Exploring Pottermania: Examining Post-Christianity in American Popular Culture

Harry Potter and the Goblet of Fire.  Dir. Mike Newell. Warner Brothers, 2005.�

Harry Potter and the Goblet of Fire. Dir. Mike Newell. Warner Brothers, 2005.

This paper was presented at the PCA/ACA national conference in Washington, D.C. on March 28, 2013.

About:
This project stemmed out of my love of the Harry Potter series, my interest in popular culture, and an interest in consumer behavior. This project is the topic of my Masters thesis, and so is a work in progress. It will be presented in its final form at the beginning of May in my thesis defense. However, my first screening of this paper occurred on March 28, and this was the idea as it was presented for this occasion. Of course, it has (and will continue) undergone much revision and tweaking since this abstract was submitted, and will continue to evolve over the following weeks.

Abstract:
This project will explore the manner in which the traditions of America’s Christian religious roots have infiltrated its popular culture, using the Harry Potter franchise as a specific example. The Potter series’ staggering popularity—a worldwide literary phenomenon and prompter of “Pottermania” in the United States —suggests that something within the series clearly resonates with readers. This project proposes that what makes this series so popular can be found by examining the prevalence of religious motifs within J.K. Rowling’s work. In essence, Harry Potter remains so popular because of America’s unconscious love of and familiarity with themes of faith, love, sacrifice, destiny/prophecy, sin, and redemption that appear within the books; Americans also identify with the series’ symbols, motifs, and characterization that coincide with the Old Testament and the story of Christ. This project will explore these repeated patterns of Christianity within the seven novels and examine their relevance in a study of popular culture—why do Americans love the things they do? How do capitalism and religion (namely, Christianity) serve to reinforce one another? Does Harry Potter reflect and thus support a Christian ethos, or does the series serve to subvert it? Can it do both simultaneously? Are there larger frameworks at play defining what Americans consume? By pursuing this topic, I will determine if the ubiquity of the inherent Christian influence within American culture heavily influences what Americans as consumers choose to consume, and why.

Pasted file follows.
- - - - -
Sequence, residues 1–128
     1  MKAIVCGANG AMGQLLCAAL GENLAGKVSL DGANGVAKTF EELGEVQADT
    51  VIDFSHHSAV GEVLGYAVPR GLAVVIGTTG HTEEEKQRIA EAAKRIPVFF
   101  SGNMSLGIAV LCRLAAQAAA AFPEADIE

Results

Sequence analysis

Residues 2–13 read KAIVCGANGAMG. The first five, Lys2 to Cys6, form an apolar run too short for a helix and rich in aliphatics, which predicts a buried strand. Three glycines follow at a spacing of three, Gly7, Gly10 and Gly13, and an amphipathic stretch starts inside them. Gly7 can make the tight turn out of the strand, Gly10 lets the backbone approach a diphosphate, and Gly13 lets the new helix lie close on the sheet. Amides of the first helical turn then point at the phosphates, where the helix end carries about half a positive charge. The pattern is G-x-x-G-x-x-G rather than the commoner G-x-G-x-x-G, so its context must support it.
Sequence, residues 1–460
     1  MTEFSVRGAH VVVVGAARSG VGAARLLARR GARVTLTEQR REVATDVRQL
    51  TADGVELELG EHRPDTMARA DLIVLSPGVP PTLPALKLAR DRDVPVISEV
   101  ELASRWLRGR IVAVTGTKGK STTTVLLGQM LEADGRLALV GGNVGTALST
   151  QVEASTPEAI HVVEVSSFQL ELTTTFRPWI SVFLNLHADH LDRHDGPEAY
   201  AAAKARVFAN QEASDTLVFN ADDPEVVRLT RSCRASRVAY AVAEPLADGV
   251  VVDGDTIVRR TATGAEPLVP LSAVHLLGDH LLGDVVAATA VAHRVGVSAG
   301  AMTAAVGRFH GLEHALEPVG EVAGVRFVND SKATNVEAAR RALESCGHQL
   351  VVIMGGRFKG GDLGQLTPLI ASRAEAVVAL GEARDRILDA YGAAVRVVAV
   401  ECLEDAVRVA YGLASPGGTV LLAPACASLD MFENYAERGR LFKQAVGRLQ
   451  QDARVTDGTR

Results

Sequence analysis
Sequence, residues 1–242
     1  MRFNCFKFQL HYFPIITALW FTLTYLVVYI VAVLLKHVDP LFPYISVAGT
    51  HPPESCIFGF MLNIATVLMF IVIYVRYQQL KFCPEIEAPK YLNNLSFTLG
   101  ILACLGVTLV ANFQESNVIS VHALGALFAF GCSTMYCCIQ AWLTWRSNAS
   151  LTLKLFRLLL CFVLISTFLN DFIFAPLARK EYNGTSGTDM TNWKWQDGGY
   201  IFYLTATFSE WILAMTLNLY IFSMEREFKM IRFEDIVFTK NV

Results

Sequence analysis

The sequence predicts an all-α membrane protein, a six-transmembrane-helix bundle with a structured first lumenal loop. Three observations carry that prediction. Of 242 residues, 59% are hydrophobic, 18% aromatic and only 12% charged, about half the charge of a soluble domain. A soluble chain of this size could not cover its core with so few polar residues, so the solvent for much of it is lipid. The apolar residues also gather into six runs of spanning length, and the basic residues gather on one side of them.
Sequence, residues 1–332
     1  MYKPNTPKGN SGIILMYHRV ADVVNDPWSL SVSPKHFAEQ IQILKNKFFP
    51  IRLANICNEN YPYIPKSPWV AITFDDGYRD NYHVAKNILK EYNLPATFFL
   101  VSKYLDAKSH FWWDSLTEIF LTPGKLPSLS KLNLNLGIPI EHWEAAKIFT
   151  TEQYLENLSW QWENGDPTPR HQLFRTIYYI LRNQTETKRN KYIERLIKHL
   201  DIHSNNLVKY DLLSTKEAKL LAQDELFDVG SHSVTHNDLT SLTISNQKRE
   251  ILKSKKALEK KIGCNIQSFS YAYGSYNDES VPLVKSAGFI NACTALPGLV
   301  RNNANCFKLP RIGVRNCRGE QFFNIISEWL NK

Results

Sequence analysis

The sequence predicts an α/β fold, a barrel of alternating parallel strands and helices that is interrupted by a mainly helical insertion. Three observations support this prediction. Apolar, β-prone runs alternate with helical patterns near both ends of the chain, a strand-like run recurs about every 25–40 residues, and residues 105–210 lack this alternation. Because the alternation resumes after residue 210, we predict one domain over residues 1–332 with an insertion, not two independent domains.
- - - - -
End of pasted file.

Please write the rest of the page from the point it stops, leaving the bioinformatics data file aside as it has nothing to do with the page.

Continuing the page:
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About alycemsustko

Reader, writer, catmom extraordinaire
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